Chuck Berry



Aug 08, 2017 Web Exclusive Bookmark and Share

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Many latter-day offerings from pioneers of rock and roll left indelible impressions on our collective psyches. The greatest elegiac piece in the once revolutionary genre, David Bowie's 2016 swansong Blackstar, concluded an influential body of work from the likes of an artist that we will never see again in our lifetime. Johnny Cash's American Recordings continues to remind us that even though rock and roll belongs to the youth, artists who shaped the genre created the template for making lasting music before entering the grave.

Chuck Berry's posthumous release, Chuck, attempts to not just say one last thing before he meets many of his faithful acolytes in the afterlife, but produce one last impactful work to ring as eternal as "Johnny B. Goode." Faced with mortality's diminished returns, Berry seized a few remaining moments to venture into the realms of the unknown while revisiting the moments that defined the music of risk, the music of shock, the music of revolt.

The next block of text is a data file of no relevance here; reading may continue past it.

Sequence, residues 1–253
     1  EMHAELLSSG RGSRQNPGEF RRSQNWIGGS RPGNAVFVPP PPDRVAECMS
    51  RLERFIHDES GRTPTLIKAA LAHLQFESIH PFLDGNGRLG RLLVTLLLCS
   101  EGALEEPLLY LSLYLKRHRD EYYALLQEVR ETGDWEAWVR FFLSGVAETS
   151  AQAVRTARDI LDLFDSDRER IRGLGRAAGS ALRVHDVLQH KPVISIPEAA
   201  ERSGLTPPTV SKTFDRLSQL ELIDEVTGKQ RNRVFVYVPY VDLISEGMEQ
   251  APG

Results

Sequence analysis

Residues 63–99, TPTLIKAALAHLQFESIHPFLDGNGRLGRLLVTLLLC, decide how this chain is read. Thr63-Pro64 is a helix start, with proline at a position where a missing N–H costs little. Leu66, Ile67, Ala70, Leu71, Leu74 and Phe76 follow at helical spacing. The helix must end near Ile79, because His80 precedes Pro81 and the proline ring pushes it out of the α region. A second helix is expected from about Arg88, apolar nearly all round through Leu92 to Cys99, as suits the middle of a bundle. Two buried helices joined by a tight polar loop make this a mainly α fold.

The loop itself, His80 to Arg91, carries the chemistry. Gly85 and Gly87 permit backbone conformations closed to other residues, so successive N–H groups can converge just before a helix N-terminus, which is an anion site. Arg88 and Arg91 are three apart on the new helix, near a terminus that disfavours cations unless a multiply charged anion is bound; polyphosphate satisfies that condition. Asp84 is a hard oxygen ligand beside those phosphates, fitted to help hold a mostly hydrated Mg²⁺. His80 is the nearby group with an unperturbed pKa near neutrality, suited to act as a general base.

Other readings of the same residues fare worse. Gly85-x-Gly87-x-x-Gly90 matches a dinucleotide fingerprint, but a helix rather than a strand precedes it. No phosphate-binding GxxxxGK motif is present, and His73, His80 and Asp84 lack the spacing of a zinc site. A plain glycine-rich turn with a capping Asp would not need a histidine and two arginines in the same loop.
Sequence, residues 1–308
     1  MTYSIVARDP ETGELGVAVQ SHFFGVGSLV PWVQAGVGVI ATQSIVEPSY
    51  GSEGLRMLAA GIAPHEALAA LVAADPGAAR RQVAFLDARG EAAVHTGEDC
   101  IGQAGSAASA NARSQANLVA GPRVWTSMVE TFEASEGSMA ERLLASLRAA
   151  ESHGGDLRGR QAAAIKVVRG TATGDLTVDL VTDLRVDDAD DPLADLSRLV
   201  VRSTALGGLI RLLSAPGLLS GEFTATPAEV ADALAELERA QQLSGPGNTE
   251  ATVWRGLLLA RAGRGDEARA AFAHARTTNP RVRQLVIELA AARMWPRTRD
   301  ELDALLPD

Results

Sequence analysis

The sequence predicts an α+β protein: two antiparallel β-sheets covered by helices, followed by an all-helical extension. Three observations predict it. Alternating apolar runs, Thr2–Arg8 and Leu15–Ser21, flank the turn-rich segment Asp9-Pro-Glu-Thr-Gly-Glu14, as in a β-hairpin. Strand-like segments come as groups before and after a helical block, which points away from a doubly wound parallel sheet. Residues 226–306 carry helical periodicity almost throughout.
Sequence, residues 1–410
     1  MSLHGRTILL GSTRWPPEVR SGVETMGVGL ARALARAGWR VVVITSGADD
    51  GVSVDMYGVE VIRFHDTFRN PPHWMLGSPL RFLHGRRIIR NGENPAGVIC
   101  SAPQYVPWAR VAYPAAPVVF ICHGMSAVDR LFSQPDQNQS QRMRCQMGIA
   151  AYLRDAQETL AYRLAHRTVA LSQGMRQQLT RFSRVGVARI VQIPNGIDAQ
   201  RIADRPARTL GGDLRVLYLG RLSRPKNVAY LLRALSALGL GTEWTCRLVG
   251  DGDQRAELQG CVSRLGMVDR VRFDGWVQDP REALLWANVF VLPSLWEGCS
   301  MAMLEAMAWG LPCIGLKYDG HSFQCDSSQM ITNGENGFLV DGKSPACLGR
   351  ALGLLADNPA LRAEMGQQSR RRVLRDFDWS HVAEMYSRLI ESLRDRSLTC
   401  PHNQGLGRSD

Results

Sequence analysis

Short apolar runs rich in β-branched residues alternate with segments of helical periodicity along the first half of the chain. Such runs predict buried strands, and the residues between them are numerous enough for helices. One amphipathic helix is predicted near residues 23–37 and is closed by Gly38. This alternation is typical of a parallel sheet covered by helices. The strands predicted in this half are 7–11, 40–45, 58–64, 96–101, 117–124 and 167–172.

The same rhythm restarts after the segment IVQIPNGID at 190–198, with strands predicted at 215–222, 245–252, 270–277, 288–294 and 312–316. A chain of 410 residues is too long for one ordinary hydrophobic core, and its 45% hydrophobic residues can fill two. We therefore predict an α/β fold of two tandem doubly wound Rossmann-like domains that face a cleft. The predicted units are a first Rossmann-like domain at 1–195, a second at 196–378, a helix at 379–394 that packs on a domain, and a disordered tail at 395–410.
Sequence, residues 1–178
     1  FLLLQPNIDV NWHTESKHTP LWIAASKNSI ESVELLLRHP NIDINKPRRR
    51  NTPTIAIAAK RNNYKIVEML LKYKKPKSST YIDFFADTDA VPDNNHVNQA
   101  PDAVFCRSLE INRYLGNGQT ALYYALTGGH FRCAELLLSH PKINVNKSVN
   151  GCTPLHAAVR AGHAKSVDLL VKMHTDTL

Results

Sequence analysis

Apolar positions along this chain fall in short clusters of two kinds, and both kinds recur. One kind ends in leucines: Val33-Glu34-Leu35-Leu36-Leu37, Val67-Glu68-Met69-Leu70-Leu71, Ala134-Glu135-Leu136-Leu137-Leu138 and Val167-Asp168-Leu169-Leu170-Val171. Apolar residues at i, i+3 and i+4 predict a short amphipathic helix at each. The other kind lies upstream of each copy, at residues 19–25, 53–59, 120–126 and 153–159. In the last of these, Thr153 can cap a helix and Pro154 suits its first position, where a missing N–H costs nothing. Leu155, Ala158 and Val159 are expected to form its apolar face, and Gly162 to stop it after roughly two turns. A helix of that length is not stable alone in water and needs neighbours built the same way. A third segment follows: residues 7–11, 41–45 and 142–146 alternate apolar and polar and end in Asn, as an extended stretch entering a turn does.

At 90 years young, "Wonderful Woman" opens with the backbeat that remains rock's defining rhythm. Shades of "C'est La Vie" haunt the song's spirit, but the three guitar solos with one of the most distinct guitar tones says more by playing less. "Big Boys" features Berry's signature lick and the album's most distinct single which became Berry's first-ever music video. "3/4 Time (Enchiladas)" showcases Berry's stage persona. A live track, he lets the audience know that "No one gets out of here alive," while hoping to find a woman to soften life's most violent blows.

The video for the album's most nostalgic track, "Darlin," reminds us that our gods bled, wept, laughed, loved, and wondered. The family photos are reminiscent of Cash's "Hurt" video; yet, they celebrate life's little events: spending time with his children, friends, and countless loved ones. He appears approachable, far from the incurable and ornery portrait of a performer who would just shout out to his backing band what key he felt like playing "Rock and Roll Music."

Chuck falls short of the power of albums with emphatic famous last words. What Chuck does instead is persuade us to pay closer attention to the totality of an artist's work instead of revering their peaks. (

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